After growing up on a sugar cane farm in Tongaat in Durban, 22-year old Meera Narain, is forced into a loveless and abusive marriage. Her husband, a doctor of high-standing, and her vindictive and cruel mother-in-law, treat Meera like an animal. Her family is uninterested. After all, she is a woman, and she must endure, quietly.
Following some years of traumatic misuse, Meera makes a decision that leaves her ostracised from her family and community. Beaten and bruised, she walks out on her husband and escapes to Dublin in Ireland where she accepts a position at a school for autistic children. But the emotional damage that’s been inflicted on her follows her across continents and she engages in self-destructive behaviour.
Meera’s affair with the father of one of the autistic children becomes an obsession, leading her further down a dark spiral and resulting in her committing an unspeakable and horrific act. Now, another community shuns her and Meera is forced to try and regain control of her life.
What About Meera is not an easy read. Besides the abuse experienced by various characters, the plot is a bit obscure in places and difficult to follow. At times I felt that there was too much happening at once. Perhaps it’s because of the stream-of-consciousness writing that is employed in parts of the novel. In some instances, it’s brilliant, in others, a little restraint would make it easier to deduce whether Meera is hallucinating, recalling real events, or actually experiencing them. Or maybe the confusion is intentional.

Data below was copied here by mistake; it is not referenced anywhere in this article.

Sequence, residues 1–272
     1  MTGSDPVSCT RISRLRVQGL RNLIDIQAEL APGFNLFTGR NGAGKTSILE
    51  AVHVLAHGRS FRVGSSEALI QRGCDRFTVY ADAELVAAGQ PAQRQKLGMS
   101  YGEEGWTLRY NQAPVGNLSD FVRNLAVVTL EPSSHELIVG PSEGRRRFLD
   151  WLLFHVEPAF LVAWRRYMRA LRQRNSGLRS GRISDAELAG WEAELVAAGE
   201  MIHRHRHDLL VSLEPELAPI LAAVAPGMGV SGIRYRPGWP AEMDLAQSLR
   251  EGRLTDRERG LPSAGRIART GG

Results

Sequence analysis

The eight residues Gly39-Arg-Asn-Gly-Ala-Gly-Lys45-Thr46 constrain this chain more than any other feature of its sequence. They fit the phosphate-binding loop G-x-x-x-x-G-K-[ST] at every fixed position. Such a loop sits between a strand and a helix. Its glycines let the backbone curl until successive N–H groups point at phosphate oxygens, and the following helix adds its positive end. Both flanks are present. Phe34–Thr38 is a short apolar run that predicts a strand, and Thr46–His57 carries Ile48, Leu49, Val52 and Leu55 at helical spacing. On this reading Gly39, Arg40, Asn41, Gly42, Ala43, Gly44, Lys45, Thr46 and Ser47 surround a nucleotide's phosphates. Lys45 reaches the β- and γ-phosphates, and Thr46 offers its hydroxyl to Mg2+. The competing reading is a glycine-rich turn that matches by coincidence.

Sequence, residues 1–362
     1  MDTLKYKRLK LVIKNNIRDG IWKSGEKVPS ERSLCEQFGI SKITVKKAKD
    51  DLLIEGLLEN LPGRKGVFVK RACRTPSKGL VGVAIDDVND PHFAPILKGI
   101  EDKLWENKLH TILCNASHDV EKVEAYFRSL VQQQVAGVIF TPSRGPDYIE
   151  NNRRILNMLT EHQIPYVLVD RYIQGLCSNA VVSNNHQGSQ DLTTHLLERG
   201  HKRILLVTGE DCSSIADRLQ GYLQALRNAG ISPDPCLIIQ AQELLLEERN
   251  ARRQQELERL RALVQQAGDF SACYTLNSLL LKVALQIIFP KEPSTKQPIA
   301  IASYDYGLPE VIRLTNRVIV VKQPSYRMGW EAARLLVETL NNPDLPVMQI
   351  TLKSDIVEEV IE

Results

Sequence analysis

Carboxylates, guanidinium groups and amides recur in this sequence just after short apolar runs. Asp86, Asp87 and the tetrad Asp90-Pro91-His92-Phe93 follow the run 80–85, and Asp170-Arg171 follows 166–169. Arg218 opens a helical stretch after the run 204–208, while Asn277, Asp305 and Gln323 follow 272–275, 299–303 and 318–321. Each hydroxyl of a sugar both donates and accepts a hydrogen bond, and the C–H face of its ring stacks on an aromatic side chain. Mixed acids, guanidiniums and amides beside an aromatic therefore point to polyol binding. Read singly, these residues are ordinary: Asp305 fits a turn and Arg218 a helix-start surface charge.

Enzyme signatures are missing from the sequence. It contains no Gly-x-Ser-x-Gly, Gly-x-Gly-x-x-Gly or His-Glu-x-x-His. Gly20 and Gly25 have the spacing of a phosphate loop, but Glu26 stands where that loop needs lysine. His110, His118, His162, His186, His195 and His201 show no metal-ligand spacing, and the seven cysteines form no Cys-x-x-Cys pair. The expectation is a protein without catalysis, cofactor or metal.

The launch of the book was overshadowed by an attack on author ZP Dala. Dala was assaulted by two men on her way home from a launch in Durban. It’s believed the incident is linked to her comment that she admired the work of Salman Rushdie. Her criticism of arranged marriages in Indian communities is palpable in her book.
The novel is a bleak and wry examination of uncomfortable topics around abuse, and even race (there is a horrific scene involving skin-lightening cream). There is some redemption and a hint of hope in the story, but I find it difficult to see it as a “courageous triumph”, which is how some critics have described it.
Best passage: “Some things just happen. They can’t be avoided. Some things happen before they actually happen. They happen first inside you, and then they happen when you pull them outside. Inside-ly first. Then outside-ly. As if you had a choice. You never, ever have a choice. Things happen”.
Rating: 3 out of 5
What about Meera is published by Umuzi.